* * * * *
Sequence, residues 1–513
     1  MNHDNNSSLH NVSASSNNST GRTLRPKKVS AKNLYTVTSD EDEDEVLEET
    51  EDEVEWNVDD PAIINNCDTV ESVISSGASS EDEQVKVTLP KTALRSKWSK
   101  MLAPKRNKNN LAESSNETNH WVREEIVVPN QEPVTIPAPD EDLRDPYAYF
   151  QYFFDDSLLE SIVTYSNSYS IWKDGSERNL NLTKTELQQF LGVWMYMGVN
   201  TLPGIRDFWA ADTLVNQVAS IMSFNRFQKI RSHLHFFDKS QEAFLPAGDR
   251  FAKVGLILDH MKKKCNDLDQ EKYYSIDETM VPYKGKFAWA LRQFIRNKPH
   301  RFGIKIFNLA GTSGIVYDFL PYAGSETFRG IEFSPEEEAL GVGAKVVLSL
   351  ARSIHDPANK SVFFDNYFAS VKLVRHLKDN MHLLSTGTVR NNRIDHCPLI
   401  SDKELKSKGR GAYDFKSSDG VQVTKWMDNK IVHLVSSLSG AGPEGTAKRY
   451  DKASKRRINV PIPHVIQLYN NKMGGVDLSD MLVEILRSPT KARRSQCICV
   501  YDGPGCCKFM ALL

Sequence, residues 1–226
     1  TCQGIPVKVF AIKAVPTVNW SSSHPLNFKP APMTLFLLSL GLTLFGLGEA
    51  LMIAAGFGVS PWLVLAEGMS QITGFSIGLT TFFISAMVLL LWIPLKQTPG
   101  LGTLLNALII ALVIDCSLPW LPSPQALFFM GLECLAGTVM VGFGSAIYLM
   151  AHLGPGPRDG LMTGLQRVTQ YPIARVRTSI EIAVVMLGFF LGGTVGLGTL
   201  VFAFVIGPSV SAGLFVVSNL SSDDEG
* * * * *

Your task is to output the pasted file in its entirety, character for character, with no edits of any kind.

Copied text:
Sequence, residues 1–513
     1  MNHDNNSSLH NVSASSNNST GRTLRPKKVS AKNLYTVTSD EDEDEVLEET
    51  EDEVEWNVDD PAIINNCDTV ESVISSGASS EDEQVKVTLP KTALRSKWSK
   101  MLAPKRNKNN LAESSNETNH WVREEIVVPN QEPVTIPAPD EDLRDPYAYF
   151  QYFFDDSLLE SIVTYSNSYS IWKDGSERNL NLTKTELQQF LGVWMYMGVN
   201  TLPGIRDFWA ADTLVNQVAS IMSFNRFQKI RSHLHFFDKS QEAFLPAGDR
   251  FAKVGLILDH MKKKCNDLDQ EKYYSIDETM VPYKGKFAWA LRQFIRNKPH
   301  RFGIKIFNLA GTSGIVYDFL PYAGSETFRG IEFSPEEEAL GVGAKVVLSL
   351  ARSIHDPANK SVFFDNYFAS VKLVRHLKDN MHLLSTGTVR NNRIDHCPLI
   401  SDKELKSKGR GAYDFKSSDG VQVTKWMDNK IVHLVSSLSG AGPEGTAKRY
   451  DKASKRRINV PIPHVIQLYN NKMGGVDLSD MLVEILRSPT KARRSQCICV
   501  YDGPGCCKFM ALL

Sequence, residues 1–226
     1  TCQGIPVKVF AIKAVPTVNW SSSHPLNFKP APMTLFLLSL GLTLFGLGEA
    51  LMIAAGFGVS PWLVLAEGMS QITGFSIGLT TFFISAMVLL LWIPLKQTPG
   101  LGTLLNALII ALVIDCSLPW LPSPQALFFM GLECLAGTVM VGFGSAIYLM
   151  AHLGPGPRDG LMTGLQRVTQ YPIARVRTSI EIAVVMLGFF LGGTVGLGTL
   201  VFAFVIGPSV SAGLFVVSNL SSDDEG